I can tell you that my experience suggests that you’re never really done with this exercise. As your business evolves, as you learn and grow, this model will evolve as well, but perhaps the continual process of discovery is just as important as what you discover.

How and Why I Use Dropbox

I’ve been covering a number of tools I depend on in this “how and why” format and people seem to be enjoying this so I’ll do it as a regular feature for a bit.

File storage with Dropbox

Image: redjar via Flickr

Today’s subject is the tool Dropbox. Dropbox is not a new kid on the block and lots of folks speak lovingly about this online file storage service. There’s a free version that may be robust and large enough for most, but I’ve chosen the full meal deal because I use Dropbox so completely.

There are other tools that can do all of what I’m going to describe, but from a file handling standpoint, ease of use, and set-up the way I work, Dropbox is killer.

Here’s why

  • I have a small staff and Dropbox is our internal server. We store everything and exchange and collaborate on files just like you would in any server environment. The main difference, of course, is that our Dropbox server is in the cloud and we can easily access all files (even those being worked on by folks back at the ranch) when I travel or someone works from home. (If you elect to Kick Out a team member they will no longer have access to the folders and the files will be permanently deleted from their hard drives.)
  • Dropbox uses a technology that only needs to upload changes so you can make tiny edit to a huge file and it syncs in seconds.
  • I have business partners in other countries and I can share and collaborate on specific files and folders and know that we are all working from and using the right document.
  • I speak to groups in seminars and workshops almost weekly at times and Dropbox allows me to work on a PPT presentation save it and then share a public branded link with groups that need to approve my presentations or as a way for me to share my slides without have to transfer or upload anything – I just save the file as I work and then share the public link on my last slide (I wrote about setting up my own branded link shortener here and I love to create custom links to my presentations like ducttape.me/sxsw for example)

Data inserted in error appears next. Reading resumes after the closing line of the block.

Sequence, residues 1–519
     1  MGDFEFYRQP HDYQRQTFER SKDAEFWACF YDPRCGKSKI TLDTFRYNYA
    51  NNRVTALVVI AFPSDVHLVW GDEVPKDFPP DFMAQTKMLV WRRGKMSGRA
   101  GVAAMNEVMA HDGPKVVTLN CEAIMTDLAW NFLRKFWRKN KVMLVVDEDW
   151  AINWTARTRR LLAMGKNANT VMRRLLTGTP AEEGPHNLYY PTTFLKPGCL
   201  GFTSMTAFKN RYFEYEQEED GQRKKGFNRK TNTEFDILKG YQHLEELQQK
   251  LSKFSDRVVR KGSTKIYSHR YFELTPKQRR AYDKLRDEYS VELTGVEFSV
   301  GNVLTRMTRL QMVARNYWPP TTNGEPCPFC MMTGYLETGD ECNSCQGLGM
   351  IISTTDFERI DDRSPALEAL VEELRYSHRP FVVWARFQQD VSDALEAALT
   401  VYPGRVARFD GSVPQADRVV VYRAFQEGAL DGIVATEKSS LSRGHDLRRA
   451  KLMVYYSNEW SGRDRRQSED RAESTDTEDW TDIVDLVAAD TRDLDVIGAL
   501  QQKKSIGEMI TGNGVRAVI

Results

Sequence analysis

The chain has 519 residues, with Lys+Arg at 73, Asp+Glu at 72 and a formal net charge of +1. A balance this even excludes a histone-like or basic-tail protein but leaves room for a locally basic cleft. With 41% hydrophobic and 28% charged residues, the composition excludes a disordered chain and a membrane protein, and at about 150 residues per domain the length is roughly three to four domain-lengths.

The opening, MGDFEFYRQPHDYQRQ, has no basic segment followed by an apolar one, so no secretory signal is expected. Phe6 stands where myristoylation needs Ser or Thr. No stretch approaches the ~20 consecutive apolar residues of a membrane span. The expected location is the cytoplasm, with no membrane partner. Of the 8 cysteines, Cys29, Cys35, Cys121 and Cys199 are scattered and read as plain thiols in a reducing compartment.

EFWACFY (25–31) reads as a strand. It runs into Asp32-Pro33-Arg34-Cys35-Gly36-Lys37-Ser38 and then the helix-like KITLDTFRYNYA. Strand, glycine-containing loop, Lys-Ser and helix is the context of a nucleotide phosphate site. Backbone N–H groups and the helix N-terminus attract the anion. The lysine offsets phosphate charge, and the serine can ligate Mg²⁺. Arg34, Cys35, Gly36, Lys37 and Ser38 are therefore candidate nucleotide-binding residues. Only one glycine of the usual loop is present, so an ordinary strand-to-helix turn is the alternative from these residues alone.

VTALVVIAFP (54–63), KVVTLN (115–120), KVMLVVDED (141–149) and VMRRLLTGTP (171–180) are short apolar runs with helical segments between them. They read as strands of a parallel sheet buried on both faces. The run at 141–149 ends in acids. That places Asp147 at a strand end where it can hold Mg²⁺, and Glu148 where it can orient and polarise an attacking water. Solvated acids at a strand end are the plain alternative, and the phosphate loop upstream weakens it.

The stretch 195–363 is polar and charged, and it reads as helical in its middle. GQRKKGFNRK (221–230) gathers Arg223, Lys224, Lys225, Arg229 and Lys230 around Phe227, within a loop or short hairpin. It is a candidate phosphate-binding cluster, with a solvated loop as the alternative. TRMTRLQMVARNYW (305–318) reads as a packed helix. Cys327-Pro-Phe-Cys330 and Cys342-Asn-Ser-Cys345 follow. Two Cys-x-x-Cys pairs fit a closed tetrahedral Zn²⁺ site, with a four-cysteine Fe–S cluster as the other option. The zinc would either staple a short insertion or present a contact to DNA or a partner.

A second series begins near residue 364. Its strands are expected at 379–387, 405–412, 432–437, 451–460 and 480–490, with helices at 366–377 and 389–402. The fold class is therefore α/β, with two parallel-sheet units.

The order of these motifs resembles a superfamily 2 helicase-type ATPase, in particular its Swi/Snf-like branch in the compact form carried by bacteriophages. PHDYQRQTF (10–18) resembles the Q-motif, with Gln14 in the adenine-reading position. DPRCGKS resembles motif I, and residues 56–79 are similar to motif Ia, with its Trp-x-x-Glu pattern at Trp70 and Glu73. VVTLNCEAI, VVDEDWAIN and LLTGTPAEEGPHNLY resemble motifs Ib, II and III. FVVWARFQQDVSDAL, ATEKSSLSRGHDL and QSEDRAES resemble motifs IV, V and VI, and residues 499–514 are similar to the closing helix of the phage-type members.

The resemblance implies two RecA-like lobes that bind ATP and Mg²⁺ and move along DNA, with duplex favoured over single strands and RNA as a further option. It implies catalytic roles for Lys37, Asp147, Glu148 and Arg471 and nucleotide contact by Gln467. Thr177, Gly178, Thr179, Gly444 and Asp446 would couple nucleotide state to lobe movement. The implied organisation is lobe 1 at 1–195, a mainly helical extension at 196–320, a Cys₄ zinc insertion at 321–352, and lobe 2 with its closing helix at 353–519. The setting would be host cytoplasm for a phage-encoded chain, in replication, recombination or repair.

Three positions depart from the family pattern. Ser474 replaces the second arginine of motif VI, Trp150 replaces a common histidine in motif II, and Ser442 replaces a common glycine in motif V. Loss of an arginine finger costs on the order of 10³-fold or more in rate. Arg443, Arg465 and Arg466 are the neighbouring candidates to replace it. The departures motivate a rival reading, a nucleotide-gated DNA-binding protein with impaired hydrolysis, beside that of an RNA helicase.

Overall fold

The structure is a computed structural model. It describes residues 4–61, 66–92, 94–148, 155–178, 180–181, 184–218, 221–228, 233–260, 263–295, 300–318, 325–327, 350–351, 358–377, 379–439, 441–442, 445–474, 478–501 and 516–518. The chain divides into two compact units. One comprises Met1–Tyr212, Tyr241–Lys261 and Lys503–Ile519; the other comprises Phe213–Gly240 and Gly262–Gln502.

• All of our files are automatically backed up and synced in multiple places at all times.
  • I have iPhone and iPad Dropbox apps that allow me access all files on these devices as well. I’ve made more than one presentation on my iPad and I love the remarkable intimacy of that tool.

How I use it

As I said in the beginning of this post, there are free and low cost options that most people can use and get tremendous value. Because I depend on this tool so much I’ve opted for the Team Version and we pay an annual fee that may seem pretty steep, but the no hassle factor is worth it.

With Team we get to share the giant storage quota, Rewind to any version of a file, and encrypted transfer and storage.

  • We create and organize folders just like you would on any server for all of our most important work categories and then everyone works from those folders and saves the work directly to them. The feature that makes this work so well is that the Dropbox app loads on all of our staff’s hard drives and then all files show up on their computer just like they would on a hard drive. There’s no need to go to the web, the files are just there.
  • We also create personal folders for each team member to act like their MyDocuments folder for work in progress.
  • I backup all my websites and blog databases routinely to Dropbox.
  • I store a portable version of Firefox on Dropbox so that if I get stuck and need to use a loner computer I have all my extensions and bookmarks
  • I back up my entire music library to Dropbox and can access it from any computer

So, have you found any other great uses for Dropbox that I may not have considered?

Make It Your Year of Getting More Done

Let’s face it, if you own a small business, there’s probably more to do than time in the day, week or month, right?

Smart Time AppThe key is to get good at doing the high payoff items and planning for what needs to be done when. Prioritizing is how you make decision making easy and help everyone stay focused on the tasks that produce wins.

One of the foundational elements of the Duct Tape Marketing System is the idea of living by the marketing calendar. If you take the time to identify what it is you think you want to do with your marketing and then commit it to an annual calendar, it’s more likely that you will actually get to it on a consistent basis.

There’s something very powerful about the visual reminder that you’ve committed to producing a press release every month for example.

While many people are familiar with the idea of a marketing calendar, few actually live by it.

Over the years I’ve also trained business owners to use the marketing calendar in another very powerful way. Quite often there are projects that are identified during the planning process that simply can’t be accomplished with the resources available today.

One of the most powerful things you can add to your calendar routine is monthly themes around foundational marketing projects so you break them up and spread them out over the course of a year. So, February becomes “start a blog month” and March is “start an enewsletter” and so on. This way you don’t get overwhelmed and at the end of six months you look up and you’ve accomplished a great deal.

Here’s how the marketing calendar process works:

Step 1 – Create a monthly calendar in Excel or Google Docs. Break the columns into weeks so you can plan in that space. Down the left side add categories for all of the major chunks of your marketing. At the very least this would include Advertising, Public Relations, Referrals, Social Media, SEO, Content, Events and Your Monthly Theme.